This Malaysian Startup Turns Children's Art Into Minimalist T-Shirts

But behind this clothing business lies a much bigger purpose.

  • Share:

This Malaysian Startup Turns Children's Art Into Minimalist T-Shirts
How often do you take a child’s drawing seriously?
Art is a form of expression, even for children. Behind every piece of artwork that may look simple on the outside is a story that the child is longing to tell.
This young married couple saw this and turned them into T-shirt designs under the brand, Havan Clothing.
The name 'Havan' is derived from the founders' names, Hany and Ivan.
But behind this business is a much bigger purpose. So we sat down with the founders Hany Cheng and Ivan Eng for a short chat to learn more about their cause.

Educating Children through Havan School

Cheng is a counsellor by profession. During the day, she works with children and teenagers to help them deal with their emotional and behavioural issues.
Through her sessions, she saw that there was a lack in educating kids about emotional intelligence or emotional quotient (EQ) in our schools.
From a young age, we were taught to focus more on intelligence quotient (IQ) and academic excellence. Nobody really teaches us how to acknowledge, regulate and manage our feelings and emotions.
But EQ and people skills are just as important, if not more, when a child grows up and goes out into the world.
“They say that your IQ gets you hired, but your EQ gets you promoted,” Cheng said.

"So if soft skills are so important, why not start educating our children at a young age?"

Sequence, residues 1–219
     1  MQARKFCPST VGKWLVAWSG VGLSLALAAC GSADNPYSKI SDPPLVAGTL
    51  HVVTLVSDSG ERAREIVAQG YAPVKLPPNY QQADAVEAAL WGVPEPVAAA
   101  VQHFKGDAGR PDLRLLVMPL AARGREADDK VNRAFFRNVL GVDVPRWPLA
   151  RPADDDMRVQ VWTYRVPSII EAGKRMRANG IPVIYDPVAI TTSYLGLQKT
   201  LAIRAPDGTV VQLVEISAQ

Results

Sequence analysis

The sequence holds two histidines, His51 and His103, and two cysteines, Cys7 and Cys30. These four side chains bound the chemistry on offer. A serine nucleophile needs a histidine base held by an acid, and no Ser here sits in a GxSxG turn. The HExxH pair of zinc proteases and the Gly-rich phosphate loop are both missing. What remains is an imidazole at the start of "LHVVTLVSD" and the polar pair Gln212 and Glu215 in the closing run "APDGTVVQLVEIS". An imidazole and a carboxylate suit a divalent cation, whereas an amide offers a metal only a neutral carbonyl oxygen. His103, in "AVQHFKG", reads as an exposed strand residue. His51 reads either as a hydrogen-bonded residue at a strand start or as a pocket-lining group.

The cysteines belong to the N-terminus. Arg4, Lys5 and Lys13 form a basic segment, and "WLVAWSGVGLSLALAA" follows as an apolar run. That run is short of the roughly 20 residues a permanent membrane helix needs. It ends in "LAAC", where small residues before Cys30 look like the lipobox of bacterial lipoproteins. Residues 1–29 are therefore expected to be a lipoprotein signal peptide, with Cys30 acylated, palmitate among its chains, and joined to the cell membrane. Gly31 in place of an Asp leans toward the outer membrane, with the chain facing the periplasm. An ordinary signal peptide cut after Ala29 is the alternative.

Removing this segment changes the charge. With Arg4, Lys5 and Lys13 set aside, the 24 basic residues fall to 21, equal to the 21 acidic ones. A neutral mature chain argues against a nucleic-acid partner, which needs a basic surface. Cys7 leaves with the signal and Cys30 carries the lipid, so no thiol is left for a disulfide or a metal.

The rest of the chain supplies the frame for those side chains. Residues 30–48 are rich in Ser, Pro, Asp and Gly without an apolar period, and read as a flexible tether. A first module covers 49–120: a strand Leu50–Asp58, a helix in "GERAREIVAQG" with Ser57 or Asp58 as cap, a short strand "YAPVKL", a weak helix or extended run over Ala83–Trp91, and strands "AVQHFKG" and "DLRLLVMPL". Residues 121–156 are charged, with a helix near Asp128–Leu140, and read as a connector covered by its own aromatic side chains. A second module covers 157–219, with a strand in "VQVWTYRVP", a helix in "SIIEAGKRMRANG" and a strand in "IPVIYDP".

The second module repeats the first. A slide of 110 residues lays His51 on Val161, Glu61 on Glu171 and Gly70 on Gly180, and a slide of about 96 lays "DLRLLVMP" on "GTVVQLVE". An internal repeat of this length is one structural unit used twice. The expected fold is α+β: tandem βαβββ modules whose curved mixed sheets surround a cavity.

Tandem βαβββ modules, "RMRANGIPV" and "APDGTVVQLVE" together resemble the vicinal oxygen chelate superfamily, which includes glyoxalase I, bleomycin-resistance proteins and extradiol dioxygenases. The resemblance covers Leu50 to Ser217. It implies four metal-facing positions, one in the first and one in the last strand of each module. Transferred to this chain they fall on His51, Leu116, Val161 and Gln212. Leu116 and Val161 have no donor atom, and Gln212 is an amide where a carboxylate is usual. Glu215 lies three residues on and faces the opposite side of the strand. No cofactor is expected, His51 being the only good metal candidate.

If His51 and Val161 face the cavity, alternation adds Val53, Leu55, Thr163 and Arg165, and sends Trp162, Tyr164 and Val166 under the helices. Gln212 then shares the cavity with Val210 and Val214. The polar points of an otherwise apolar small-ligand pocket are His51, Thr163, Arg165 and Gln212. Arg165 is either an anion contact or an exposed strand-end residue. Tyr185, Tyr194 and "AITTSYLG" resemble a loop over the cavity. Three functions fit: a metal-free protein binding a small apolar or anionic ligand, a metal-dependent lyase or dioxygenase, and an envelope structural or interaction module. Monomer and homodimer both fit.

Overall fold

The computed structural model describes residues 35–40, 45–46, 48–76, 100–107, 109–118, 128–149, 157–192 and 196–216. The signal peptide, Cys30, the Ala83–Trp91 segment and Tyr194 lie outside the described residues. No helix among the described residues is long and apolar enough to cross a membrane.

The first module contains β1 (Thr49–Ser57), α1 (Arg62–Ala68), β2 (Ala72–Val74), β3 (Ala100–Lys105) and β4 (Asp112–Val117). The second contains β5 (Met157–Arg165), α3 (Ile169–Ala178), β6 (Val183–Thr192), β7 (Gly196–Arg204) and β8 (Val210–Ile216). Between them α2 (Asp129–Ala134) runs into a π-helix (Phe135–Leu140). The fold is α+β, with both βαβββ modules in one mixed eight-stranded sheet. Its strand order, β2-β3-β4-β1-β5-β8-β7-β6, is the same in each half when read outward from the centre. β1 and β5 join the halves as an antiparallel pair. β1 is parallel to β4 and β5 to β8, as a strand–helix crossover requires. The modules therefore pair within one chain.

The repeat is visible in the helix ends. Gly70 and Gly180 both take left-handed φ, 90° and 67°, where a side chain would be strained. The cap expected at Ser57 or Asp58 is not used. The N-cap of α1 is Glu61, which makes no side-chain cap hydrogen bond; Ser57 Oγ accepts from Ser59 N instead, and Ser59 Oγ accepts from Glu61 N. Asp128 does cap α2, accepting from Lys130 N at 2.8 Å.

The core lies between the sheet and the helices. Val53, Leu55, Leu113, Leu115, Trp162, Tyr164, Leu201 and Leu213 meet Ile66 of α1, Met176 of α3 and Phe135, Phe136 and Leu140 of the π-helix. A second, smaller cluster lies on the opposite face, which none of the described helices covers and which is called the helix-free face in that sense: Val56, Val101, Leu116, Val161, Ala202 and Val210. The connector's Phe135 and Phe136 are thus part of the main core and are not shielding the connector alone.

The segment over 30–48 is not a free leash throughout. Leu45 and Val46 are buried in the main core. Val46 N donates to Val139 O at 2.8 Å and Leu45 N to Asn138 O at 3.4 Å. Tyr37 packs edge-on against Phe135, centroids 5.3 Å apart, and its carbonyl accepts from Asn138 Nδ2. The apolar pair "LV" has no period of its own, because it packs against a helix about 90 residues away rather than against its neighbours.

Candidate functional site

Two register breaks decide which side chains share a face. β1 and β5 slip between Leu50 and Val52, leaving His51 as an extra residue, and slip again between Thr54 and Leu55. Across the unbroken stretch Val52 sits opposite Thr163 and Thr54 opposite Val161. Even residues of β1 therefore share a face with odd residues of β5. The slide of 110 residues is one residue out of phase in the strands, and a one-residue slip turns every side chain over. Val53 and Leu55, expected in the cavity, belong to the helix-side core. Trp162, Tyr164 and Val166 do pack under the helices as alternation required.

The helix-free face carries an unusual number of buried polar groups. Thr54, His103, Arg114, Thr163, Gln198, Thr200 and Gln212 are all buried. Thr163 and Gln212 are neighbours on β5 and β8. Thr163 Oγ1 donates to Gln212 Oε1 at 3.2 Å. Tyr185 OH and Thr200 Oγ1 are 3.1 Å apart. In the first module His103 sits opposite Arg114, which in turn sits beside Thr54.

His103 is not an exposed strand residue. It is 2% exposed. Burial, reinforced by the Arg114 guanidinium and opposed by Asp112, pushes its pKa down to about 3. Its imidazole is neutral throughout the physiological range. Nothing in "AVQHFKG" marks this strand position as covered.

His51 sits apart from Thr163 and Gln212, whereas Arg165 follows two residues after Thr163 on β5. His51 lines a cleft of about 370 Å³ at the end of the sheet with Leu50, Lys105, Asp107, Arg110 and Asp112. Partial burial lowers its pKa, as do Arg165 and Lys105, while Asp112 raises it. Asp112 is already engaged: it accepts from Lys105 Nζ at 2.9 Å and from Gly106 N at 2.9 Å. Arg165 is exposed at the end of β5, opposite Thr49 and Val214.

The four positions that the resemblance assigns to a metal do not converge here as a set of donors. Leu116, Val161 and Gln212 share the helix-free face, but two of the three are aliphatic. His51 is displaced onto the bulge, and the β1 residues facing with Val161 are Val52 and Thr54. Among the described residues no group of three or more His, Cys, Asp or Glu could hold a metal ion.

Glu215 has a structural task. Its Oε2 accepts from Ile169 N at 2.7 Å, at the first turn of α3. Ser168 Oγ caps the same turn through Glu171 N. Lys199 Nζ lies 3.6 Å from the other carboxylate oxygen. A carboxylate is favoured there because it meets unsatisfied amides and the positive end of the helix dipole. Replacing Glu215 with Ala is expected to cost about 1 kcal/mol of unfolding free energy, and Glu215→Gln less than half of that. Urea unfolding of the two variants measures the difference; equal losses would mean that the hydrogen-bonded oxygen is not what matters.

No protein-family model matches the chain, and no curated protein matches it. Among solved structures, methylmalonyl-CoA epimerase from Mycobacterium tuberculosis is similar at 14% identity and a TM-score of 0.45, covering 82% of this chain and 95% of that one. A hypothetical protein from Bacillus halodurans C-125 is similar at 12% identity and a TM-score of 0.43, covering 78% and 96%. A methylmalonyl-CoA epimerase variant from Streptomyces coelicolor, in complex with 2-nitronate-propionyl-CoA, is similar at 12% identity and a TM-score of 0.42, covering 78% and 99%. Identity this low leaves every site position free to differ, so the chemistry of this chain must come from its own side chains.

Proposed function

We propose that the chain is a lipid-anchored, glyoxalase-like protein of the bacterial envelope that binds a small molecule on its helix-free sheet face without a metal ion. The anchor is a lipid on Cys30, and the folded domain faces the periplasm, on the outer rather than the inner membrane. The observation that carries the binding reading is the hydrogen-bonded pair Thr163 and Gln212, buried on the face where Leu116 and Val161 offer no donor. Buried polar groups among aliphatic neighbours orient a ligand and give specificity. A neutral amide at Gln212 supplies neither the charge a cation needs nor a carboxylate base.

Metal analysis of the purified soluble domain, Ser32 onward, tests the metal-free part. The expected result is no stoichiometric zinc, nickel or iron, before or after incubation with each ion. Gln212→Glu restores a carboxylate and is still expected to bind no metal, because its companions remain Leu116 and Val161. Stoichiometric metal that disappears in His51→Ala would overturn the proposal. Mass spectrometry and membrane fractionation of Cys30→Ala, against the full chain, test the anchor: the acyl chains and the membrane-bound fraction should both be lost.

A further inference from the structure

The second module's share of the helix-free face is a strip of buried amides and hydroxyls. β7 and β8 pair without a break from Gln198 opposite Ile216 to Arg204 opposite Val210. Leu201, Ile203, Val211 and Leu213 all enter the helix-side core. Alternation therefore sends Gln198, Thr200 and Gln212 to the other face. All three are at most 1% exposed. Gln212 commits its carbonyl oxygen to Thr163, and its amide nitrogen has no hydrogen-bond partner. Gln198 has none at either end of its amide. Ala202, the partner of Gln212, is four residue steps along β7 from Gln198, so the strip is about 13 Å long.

Seeing this gap in our society, she decided to use her expertise in psychology and education and volunteer her time at a children’s shelter home, giving free EQ lessons to kids aged between seven and 12.
Cheng started Havan School, a school focuses on emotional intelligence rather than conventional intellectual subjects.
She designed an interactive programme that teaches about the emotional aspects of ‘self’ and ‘others’. The syllabus covers topics that raise questions like, 'are you aware of your feelings?', 'what should you do when you're angry?', 'are you aware of what others are feeling?', etc.
Over the course of four months, Cheng noticed a positive change among the children. They became more confident and expressive compared to before.
“These kids are underprivileged. Some of them were abandoned by their families, abused by their parents and a few of them are suffering from financial problems,” she shared.
“So to see this positive transformation after four months, I believed that this is something good that I should continue doing.”